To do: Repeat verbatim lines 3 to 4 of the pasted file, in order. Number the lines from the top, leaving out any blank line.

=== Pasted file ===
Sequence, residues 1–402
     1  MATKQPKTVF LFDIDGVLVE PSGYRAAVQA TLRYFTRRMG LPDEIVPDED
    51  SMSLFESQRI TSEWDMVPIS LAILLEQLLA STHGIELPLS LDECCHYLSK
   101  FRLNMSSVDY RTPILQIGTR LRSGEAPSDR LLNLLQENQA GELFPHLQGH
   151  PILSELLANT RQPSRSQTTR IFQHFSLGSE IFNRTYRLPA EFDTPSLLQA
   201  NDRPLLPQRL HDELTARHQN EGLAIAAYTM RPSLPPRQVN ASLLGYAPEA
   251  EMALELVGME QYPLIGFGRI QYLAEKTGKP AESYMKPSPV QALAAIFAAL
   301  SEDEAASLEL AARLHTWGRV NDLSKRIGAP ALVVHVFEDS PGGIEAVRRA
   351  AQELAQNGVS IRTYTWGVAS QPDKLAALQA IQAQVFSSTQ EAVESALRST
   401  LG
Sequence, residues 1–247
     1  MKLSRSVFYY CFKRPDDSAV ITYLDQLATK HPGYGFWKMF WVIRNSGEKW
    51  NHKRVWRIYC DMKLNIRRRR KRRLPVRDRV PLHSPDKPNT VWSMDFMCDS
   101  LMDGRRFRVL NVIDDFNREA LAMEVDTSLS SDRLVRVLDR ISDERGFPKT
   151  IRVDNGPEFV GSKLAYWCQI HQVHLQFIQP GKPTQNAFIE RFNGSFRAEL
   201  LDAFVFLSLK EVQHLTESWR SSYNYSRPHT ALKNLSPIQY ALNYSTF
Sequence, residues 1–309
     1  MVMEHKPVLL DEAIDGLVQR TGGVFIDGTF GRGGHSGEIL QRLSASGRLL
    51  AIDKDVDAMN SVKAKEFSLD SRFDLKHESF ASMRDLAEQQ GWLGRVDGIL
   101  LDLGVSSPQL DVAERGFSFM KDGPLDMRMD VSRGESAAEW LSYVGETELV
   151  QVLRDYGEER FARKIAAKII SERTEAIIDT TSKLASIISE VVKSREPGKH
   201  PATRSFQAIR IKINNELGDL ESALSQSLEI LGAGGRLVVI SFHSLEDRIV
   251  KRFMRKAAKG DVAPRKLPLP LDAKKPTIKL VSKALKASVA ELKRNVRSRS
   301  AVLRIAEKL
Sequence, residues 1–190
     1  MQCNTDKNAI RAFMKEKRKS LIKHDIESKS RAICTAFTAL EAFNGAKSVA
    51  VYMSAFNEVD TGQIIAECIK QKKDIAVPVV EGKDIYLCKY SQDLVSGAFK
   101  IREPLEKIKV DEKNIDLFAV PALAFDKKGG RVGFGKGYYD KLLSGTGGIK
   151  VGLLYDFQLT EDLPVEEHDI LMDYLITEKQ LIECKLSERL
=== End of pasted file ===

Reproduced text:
    51  SMSLFESQRI TSEWDMVPIS LAILLEQLLA STHGIELPLS LDECCHYLSK
   101  FRLNMSSVDY RTPILQIGTR LRSGEAPSDR LLNLLQENQA GELFPHLQGH